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Build Your Career Get Ahead

15 Important Things to Do Before Asking for a Raise

15 Important Things to Do Before Asking for a Raise
Credit: Deliverance/Shutterstock

Asking your boss for a raise can be quite a nerve-racking experience, but if you're working hard and feeling underpaid, requesting a pay increase may be the only solution. You can't just waltz into your boss's office and ask for more money, however. To ask for a raise the right way, you'll have to take some time to research, plan and prepare.

Business News Daily asked experts what things employees should do before requesting a salary increase. Here are 15 things you absolutely must do before you ask for a raise.

"Find the right moment to ask. This is not something to do when you are unhappy in your job or if the boss is under pressure, possibly in an unhappy place of their own. Be strategic when looking for this conversation." – Brendan King, CEO, King & Bishop

"Prepare your manager for the salary conversation. Don't surprise them, because they won't be prepared to find and allocate the resources or the permission." – Claudia Telles, founder, Trailblazing Business

"Set a time to have this meeting. Don't do it on the fly or when your boss is distracted. Don't schedule more than 30 minutes — that's the most you should need." – Sheryl Raskin, founder, Out There Creative Media

"Last but not least, seek out and cultivate appropriate internal advocates and support. These are the people who will promote you and your good work. It is essentially nonaggressive evangelism. They may be managers senior to you in other departments, vendors or peers." – Roy Cohen, career coach and author, "The Wall Street Professional's Survival Guide" (FT Press, 2010)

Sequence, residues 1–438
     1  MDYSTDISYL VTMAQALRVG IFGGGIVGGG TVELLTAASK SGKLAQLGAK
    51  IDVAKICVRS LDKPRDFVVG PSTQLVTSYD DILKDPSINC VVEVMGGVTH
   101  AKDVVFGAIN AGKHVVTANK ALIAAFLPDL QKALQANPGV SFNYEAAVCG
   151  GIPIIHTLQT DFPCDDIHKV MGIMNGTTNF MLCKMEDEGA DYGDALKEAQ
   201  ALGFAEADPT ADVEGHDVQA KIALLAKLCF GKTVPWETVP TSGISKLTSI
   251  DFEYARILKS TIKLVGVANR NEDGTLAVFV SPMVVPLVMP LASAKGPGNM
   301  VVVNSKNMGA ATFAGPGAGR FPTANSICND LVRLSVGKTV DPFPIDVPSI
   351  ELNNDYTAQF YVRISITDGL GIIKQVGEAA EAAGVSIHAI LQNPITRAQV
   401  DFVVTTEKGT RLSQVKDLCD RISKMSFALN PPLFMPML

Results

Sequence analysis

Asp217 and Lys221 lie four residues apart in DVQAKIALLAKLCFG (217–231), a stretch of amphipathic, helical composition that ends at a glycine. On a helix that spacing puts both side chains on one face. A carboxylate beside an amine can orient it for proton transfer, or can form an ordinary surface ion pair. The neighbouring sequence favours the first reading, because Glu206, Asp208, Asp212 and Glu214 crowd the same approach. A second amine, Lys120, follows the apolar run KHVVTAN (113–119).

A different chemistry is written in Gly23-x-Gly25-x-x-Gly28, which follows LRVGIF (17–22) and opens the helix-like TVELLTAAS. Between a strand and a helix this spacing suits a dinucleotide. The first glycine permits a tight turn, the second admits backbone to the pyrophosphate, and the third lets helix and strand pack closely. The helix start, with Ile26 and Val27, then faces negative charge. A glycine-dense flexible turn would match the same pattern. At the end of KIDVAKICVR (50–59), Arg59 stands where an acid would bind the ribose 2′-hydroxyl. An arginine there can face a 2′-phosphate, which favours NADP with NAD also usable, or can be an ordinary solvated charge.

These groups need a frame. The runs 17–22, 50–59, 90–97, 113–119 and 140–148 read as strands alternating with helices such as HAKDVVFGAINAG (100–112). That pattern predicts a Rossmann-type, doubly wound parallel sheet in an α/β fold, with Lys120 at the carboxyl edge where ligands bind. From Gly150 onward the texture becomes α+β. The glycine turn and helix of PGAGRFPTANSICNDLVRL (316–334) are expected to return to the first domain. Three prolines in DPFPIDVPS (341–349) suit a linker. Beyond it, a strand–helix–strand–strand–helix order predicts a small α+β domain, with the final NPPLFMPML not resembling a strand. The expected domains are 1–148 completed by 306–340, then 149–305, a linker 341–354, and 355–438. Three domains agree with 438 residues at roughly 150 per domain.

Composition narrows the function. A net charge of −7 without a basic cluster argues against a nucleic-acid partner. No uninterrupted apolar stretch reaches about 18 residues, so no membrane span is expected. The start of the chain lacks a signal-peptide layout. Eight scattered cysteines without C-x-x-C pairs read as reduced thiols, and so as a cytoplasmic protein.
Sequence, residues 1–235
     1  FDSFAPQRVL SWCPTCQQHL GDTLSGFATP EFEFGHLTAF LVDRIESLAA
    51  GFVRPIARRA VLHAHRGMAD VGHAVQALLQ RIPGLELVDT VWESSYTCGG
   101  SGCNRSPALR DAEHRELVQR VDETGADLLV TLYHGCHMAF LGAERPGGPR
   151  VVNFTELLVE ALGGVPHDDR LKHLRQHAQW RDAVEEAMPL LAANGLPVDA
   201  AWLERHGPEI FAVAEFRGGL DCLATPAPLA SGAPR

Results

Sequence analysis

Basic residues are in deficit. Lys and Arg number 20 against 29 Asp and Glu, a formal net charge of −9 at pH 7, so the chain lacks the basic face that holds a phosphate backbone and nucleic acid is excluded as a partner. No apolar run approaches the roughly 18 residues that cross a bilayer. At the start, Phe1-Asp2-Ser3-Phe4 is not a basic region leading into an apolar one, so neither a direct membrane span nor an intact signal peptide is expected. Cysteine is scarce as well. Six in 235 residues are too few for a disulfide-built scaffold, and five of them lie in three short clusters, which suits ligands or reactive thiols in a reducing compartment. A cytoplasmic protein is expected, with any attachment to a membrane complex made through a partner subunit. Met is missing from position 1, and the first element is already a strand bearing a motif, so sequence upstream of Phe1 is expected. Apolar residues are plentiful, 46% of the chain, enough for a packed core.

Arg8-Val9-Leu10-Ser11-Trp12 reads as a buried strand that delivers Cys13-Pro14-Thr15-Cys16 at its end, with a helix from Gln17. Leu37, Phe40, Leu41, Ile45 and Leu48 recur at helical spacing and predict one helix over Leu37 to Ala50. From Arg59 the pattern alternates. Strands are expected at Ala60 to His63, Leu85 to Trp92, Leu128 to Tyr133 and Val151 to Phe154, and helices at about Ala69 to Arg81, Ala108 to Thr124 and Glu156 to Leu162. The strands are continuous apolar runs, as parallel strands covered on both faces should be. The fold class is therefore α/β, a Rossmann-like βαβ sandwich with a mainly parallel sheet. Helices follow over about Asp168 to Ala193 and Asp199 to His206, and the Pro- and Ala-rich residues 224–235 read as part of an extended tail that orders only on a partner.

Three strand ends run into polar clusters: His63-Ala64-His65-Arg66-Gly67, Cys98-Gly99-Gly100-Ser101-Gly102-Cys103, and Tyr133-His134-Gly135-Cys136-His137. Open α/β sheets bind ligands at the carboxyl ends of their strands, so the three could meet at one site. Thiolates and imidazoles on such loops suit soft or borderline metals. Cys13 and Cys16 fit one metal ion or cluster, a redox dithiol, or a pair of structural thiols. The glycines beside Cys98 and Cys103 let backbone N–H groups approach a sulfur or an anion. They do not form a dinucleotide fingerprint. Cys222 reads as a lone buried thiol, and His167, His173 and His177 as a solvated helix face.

"It's certainly important to research your company's pay-raise policy ahead of time. This may often be posted within your company's employee handbook. While there are occasions when employers may give raises outside of their standard practice, your boss will appreciate that you took the time to research existing company policies before approaching them." – Chris Costello, principal and founder, CBG Benefits

"My suggestion to employees is to take a long, hard look at the company's economic health before asking for a raise. If you ask for a raise when the company is clearly struggling, not only will you not get the raise, but you will also raise doubts in the employer's mind about your professional savvy." – Cheryl Palmer, certified career coach and owner, Call to Career [See Related Story: Dear Brittney: I'm Overworked and Need a Raise ]

"Assess your relationships with employees above you and below you, and create a vision in your mind of how people perceive you. Ensure you are not blindsided by a blemish on your personal brand due to intraoffice conflict." – Samirat Rivers, director of operations, FPC National

"If [your boss] is logic-based, create a spreadsheet or graph on your accomplishments. If she is more social, relate anecdotal stories that demonstrate your accomplishments. If she is concerned about what others think, show testimonials from customers, vendors or other employees within the company." – Beth Meixner, founder and president, Moxxie Network